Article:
Then there’s Social Security, “which sounds like a really strange thing to tell people in their 20s to worry about, but they should worry about it,” says Helaine Olen, co-author of The Index Card: Why Personal Finance Doesn't Have To Be Complicated and an opinion writer for the Washington Post. Trump has proposed eliminating the payroll tax, which is what pays for Social Security. He has already hit pause on payroll taxes because of COVID-19; if that change was made permanent, experts worry it could leave Social Security coffers empty as early as 2023. “It’s not simply your retirement” that would be put at risk, Olen says; it’s your financial health now. About half of people over the age of 65 would live in poverty or close to it without Social Security. The program doesn’t just promise young people that we can retire in the future, “but it is also why you don’t have to support your parents when they retire,” Olen says. A hit to Social Security now would mean that a lot of young adults are suddenly stuck footing the bill for parents who thought they would be covered into old age.
Questions about any given president’s impact on individuals’ financial health, Kwan says, should be tempered by the understanding that “generally, if you are investing for the long term—which we highly recommend that you do—who is in the presidency for four years or even eight years isn’t going to have as much impact as things that we all know lead to successful investing, like saving more, and the power of compounding.” But that doesn’t make the shorter-term impacts negligible.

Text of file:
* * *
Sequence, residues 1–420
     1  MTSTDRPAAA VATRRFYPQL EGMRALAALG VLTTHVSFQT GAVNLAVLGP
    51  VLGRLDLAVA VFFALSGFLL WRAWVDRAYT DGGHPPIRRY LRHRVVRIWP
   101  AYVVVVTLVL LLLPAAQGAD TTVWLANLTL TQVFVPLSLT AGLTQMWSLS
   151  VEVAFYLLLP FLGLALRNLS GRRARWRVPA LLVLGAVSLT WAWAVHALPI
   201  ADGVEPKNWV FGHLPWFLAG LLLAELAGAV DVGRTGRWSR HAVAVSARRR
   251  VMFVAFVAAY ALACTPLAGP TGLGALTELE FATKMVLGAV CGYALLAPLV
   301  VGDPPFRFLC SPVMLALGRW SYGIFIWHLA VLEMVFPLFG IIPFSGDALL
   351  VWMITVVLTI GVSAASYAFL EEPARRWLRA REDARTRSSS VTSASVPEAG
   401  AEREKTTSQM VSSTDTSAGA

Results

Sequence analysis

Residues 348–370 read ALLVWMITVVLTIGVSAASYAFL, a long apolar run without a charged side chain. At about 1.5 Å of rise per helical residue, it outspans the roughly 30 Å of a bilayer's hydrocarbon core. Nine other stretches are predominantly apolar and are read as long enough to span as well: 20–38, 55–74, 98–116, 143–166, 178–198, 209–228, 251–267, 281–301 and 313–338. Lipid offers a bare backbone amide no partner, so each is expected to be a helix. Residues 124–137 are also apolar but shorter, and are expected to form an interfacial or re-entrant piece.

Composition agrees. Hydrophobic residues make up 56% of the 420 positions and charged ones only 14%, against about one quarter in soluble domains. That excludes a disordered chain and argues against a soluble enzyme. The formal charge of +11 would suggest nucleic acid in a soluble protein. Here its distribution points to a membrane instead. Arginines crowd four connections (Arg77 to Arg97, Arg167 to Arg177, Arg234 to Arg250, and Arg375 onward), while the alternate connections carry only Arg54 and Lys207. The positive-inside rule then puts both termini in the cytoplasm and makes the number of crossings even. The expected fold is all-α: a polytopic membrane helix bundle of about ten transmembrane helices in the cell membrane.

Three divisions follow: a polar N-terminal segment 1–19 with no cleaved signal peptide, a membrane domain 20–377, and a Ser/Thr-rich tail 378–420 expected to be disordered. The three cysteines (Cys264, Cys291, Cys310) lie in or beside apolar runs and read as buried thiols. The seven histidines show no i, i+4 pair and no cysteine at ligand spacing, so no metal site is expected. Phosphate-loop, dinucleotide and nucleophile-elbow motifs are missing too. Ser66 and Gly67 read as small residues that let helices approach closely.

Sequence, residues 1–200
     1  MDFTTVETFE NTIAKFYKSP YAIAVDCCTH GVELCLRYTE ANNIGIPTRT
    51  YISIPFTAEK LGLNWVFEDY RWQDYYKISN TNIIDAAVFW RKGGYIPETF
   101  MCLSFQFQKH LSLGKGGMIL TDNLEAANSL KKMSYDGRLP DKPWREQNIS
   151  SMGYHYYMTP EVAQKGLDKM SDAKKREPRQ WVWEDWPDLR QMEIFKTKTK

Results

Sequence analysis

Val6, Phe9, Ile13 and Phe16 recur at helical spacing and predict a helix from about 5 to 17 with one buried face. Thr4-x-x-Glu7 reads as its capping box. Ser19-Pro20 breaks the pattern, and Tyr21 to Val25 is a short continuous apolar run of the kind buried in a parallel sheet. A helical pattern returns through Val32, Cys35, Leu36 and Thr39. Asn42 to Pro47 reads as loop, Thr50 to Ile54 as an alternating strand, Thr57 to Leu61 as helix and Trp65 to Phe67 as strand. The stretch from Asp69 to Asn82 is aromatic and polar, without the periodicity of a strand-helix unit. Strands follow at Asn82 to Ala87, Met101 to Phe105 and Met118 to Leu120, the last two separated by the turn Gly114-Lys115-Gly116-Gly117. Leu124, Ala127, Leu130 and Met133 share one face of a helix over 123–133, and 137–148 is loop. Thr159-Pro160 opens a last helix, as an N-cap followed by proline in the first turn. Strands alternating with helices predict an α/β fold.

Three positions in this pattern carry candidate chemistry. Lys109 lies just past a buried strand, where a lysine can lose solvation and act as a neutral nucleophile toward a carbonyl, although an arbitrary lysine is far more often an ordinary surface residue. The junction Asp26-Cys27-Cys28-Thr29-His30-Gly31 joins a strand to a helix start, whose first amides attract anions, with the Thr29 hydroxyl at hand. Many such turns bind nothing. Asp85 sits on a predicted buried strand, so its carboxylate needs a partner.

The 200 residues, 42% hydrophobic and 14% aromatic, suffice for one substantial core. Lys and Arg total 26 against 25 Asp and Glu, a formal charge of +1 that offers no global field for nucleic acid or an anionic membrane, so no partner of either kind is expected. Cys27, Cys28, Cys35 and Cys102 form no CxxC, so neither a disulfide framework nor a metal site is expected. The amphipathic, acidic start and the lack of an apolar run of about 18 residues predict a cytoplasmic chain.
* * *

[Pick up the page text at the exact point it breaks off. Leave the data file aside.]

“It’s hard to put it more starkly than to say that this is a life and death issue, and the future of the planet is at stake,” says Ayana Elizabeth Johnson, PhD, a marine biologist, founder of the Ocean Collective, and co-editor of the anthology All We Can Save. “I don’t know if our ecosystems can withstand another Trump administration. And of course we depend on nature for our own survival.”
The Trump approach to climate change has been to treat environmental protection and conservation as threats to corporate profits and jobs. His comments about climate change have been inconsistent to the point of incoherence, at times calling it “mythical” and a “hoax,” and at others declaring himself an environmentalist. At the policy level, his priorities are clearer. He withdrew the U.S. from the Paris Climate Accords. His administration has rolled back 100 different environmental protection regulations, including those aimed at regulating carbon emissions and reducing air pollution, and he is still trying to allow offshore oil and gas drilling off of most of America’s coasts. The Trump administration says that environmental regulations are often burdensome and duplicative, and that they “hamstring American businesses.” Removing them, they say, saves companies billions of dollars a year.